We can't move into the next steps in a body relationship--listening, trusting, forgiving--until we've started with this very simple one. To reconnect, we have to begin by returning, consistently, and without protest or excuses, to inhabiting our own skin, to get curious about what's there and build trust by staying--or coming back as often as we remember. I believe our bodies are just waiting for us to do so.

Tuesday, January 10, 2012

The Lullaby of Sleep

(Image taken from indianhindunames.com)

Sleep seems to be a huge issue for clients these days. How much sleep are you getting and how good is it? For some it's an issue of time: "I just don't have time to get more than 5 or 6 hours a night...." For others it's an issue of quality: "Between my kids and my husband snoring, I'm lucky if I get more than a couple of hours of uninterrupted sleep..." And of course sometimes it's just the stress of our own minds that keeps us awake, churning and reworking the day or things to come, even as our body wishes for sleep and rest.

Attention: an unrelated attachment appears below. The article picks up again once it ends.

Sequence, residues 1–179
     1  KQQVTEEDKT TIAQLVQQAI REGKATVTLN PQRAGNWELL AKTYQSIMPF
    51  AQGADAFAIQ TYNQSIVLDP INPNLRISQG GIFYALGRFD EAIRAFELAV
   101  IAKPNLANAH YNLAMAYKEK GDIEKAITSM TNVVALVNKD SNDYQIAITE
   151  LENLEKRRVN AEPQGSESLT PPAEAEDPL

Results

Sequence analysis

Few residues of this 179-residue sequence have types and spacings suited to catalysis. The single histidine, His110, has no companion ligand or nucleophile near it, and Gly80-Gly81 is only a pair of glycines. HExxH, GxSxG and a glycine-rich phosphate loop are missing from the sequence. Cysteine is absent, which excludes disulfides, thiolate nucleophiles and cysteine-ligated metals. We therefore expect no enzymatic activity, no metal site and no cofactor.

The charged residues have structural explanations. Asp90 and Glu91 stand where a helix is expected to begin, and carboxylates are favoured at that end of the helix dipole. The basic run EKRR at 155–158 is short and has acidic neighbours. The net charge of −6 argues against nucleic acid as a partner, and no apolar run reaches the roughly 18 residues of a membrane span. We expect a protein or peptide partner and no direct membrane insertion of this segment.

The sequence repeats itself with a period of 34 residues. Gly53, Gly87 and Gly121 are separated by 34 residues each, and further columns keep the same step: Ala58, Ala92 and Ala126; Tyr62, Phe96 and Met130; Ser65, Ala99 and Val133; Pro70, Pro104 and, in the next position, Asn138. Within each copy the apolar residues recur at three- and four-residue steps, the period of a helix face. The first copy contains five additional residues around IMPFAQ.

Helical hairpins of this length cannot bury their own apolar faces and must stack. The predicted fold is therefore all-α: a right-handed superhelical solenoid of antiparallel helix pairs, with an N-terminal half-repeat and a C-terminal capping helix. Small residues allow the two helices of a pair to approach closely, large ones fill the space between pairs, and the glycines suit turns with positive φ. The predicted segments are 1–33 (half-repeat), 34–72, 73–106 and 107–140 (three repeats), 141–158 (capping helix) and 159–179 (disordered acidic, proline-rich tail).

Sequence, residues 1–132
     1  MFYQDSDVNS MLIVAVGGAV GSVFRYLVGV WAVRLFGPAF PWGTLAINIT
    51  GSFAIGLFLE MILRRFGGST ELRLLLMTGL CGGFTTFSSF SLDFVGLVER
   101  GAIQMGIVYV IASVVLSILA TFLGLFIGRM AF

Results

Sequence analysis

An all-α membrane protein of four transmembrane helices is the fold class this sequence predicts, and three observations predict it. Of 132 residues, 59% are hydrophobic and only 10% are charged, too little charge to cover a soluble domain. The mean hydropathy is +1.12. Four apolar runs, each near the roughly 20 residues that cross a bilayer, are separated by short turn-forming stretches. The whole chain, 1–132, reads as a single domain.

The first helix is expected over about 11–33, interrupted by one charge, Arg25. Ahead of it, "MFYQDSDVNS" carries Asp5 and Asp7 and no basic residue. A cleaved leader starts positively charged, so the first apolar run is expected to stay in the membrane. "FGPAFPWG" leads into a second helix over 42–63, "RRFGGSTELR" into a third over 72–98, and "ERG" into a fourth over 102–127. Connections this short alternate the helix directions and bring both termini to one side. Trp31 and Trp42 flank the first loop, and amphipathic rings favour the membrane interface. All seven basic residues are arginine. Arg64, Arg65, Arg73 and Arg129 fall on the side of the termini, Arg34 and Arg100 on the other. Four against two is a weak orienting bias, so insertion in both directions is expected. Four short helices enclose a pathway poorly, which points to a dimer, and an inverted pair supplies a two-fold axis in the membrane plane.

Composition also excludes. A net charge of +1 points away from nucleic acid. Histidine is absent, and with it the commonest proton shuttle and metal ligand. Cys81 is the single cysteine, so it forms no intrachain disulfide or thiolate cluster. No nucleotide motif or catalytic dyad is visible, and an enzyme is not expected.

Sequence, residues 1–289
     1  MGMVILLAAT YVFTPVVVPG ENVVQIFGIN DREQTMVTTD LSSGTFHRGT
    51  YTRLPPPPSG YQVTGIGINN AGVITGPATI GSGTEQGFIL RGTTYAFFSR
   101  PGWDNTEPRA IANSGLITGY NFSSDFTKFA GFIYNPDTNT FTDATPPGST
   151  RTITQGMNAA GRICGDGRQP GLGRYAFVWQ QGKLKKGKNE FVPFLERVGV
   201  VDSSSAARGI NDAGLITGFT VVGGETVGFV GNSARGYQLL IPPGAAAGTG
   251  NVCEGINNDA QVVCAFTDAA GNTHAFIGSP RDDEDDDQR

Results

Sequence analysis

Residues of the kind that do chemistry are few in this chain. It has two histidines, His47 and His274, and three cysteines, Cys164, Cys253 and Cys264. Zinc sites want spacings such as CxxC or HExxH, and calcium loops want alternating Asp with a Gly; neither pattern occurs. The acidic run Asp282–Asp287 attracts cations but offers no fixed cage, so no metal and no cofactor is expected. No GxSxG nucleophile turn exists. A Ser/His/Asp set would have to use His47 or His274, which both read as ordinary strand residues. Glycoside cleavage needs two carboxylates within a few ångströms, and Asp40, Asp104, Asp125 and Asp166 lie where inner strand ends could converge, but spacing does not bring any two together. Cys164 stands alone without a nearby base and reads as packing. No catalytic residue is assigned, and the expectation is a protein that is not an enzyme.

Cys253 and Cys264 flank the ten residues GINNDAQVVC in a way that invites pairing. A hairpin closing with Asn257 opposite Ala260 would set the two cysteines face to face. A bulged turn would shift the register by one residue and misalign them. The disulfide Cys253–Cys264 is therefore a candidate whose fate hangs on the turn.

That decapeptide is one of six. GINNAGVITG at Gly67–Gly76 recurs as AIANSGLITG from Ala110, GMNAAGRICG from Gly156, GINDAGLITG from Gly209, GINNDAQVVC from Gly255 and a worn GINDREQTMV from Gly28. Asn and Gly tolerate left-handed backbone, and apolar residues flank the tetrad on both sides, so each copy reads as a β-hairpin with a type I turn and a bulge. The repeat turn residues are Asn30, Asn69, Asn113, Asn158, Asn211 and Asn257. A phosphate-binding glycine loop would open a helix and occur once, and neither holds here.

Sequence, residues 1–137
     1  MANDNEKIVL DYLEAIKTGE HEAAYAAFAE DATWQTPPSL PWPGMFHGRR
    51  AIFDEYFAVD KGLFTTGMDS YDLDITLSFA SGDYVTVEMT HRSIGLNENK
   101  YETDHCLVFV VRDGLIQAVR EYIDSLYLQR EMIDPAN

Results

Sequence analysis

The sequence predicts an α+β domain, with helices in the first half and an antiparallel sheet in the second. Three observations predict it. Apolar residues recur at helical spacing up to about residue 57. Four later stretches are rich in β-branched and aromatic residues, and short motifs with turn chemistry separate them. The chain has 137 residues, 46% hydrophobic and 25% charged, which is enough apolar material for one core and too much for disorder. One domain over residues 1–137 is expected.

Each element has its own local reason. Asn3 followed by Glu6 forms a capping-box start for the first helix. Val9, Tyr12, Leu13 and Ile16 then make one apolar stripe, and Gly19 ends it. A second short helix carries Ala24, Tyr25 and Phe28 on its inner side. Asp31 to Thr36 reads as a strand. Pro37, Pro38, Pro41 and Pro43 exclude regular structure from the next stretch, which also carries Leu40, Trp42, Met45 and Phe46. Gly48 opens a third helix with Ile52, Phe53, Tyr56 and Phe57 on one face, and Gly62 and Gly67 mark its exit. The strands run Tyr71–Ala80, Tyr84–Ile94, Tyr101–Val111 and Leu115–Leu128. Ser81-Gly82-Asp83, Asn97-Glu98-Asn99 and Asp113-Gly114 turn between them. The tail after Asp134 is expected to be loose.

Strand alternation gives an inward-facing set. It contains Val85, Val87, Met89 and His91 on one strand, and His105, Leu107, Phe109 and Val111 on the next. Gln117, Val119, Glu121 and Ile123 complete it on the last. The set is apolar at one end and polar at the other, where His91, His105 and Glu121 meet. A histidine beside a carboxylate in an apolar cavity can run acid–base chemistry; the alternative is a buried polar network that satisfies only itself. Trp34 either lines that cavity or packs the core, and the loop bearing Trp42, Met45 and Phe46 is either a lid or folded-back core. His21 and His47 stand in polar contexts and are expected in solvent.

A few themes emerge. First, is the importance of how you interpret the lack of sleep. Does it make you crazy, anxious, worried to not be getting sleep? Often this can become a vicious cycle, so that the worry about not getting sleep or falling asleep becomes a problem in and of itself. See if your language and thinking about not sleeping can become gentler and more kind, less stressed: "It is what it is, I'll get however much sleep I get..." That softness and lessening of anxiety around the problem itself can make a huge difference. (I once heard that just resting is worth a larger percentage of sleep time than we think and that also put my mind at ease. Even if I'm not actually asleep, I realized, just lying here is still allowing my body to rejuvenate.)